The Eye of the Hurricane

I took my daughter to the Ottawa Senators’ game against the St Louis Blues this afternoon. I want to share why this was a very emotional experience.

Since Sofia was born in 2005, my little girl has always been my best friend. She goes fishing with me, she helps me with the garden, and she watches hockey with me. There is no one I would rather spend time with. One of my favourite memories is watching the gold medal hockey game from the Vancouver Olympics with her. Other people remember the Crosby goal, I remember her singing along with our national anthem, and belting out Oh Canada at the top of her lungs. It is one of those precious memories that all dads have. That day I promised to take her to some Ottawa Senators games once she was a little bit older and was able to stay up late enough. This made her jump for joy (literally).

Things were trucking along like they do with most families. She was in ballet, gymnastics, and when she was five years old, going on six, she started skating lessons. However, by this time something was clearly not right. That entire summer she was experiencing stabbing eye pain on an almost daily basis that was bad enough to take her into Emergency at the local children’s hospital on multiple occasions. Then she started to have stomach pains as well. By the time her skating lessons started, her balance was off to the point where she could not skate unless one of the coaches (they were all wonderful) held her hands and guided her.

Something was clearly wrong, but no one knew what. Then things got worse. A lot worse. Shortly after Remembrance Day she started to wake up at 3 AM each and every day, wide awake unwilling and unable to fall back asleep. Visits to assorted doctors started to become a part of our routine. By Christmas time we were going in to the local clinic on a weekly basis. Just before the New Year a doctor there noticed that she had a weight spike of about 15 pounds in a week and a half. She called ahead to Emergency, and they took things very seriously. She was admitted.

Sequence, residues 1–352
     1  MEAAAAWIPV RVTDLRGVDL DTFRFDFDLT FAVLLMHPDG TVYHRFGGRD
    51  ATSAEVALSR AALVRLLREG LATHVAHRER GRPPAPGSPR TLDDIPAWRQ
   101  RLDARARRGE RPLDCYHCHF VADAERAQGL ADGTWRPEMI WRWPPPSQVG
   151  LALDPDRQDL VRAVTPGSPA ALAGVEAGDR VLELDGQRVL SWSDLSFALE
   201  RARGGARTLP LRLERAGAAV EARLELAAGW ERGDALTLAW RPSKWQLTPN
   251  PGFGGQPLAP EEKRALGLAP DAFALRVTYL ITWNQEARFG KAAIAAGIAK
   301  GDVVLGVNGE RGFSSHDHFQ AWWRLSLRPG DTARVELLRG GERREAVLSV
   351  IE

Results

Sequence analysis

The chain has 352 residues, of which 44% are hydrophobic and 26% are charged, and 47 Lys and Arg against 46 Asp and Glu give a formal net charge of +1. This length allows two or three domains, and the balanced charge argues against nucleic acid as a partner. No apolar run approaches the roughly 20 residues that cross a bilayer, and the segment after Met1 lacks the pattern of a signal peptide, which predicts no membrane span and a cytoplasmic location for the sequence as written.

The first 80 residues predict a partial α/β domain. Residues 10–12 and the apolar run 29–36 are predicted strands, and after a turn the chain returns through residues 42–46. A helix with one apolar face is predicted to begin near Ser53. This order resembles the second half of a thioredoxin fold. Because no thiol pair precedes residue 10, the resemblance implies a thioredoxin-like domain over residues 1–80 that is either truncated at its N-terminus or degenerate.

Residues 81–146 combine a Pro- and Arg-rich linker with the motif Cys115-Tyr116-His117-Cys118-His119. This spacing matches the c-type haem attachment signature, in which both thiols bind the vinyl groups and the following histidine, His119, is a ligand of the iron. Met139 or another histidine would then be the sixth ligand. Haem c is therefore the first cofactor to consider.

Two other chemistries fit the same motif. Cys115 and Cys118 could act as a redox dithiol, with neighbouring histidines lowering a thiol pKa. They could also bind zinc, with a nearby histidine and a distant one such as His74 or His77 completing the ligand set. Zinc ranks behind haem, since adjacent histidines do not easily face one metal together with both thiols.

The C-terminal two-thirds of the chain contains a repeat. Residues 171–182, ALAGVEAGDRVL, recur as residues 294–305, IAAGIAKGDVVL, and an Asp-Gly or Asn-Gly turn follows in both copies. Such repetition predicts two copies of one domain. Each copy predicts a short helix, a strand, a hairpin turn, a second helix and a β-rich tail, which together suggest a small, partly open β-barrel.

On January 2nd of 2012 she had an MRI. We knew things were bad when they called a big meeting the next day with us, a neurosurgeon, a social worker, I think a spiritual guide of some sort (I am fuzzy on this), and assorted other doctors. They pulled up the MRI, which showed a golf ball sized mass lodged in the middle of her brain. She was to be emergency airlifted to Sick Kids in Toronto the next day so they could use computer assisted surgical techniques for a biopsy. This would determine the type of brain tumour, which in turn would dictate the treatment that would be required. Sofia’s wonderful spirit continued to shine through during this ordeal. This picture was taken at the Tim Horton’s attached to Sick Kids. We had teams of doctors in and out of the room all day long every day, and this little trip to Timmy’s was a bright spot in the middle of it all.

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It turned out to be a suprasellar germinoma, which (if my math is right) afflicts about 1 in 3.3 million children. The tumour compromised her hypothalamus (this was the waking up at night and the weight gain) and for the most part destroyed her pituitary gland. What was left of her pituitary gland was obliterated during the radiation part of the treatment.

We started the treatment process, which involved both Chemotherapy and radiation, in Toronto but came home to Ottawa after a month. Her doctor in Toronto, who is a world famous oncologist, supported this move by simply telling us that the protocol is set and could be administered anywhere. He ended the discussion by simply saying that, in his opinion, the best place to heal is at home. So we went home. Chemotherapy and radiation were brutal on her. Our home time together was precious, as you can see by this picture was taken after her second cycle of chemo, about 5 minutes after we got home.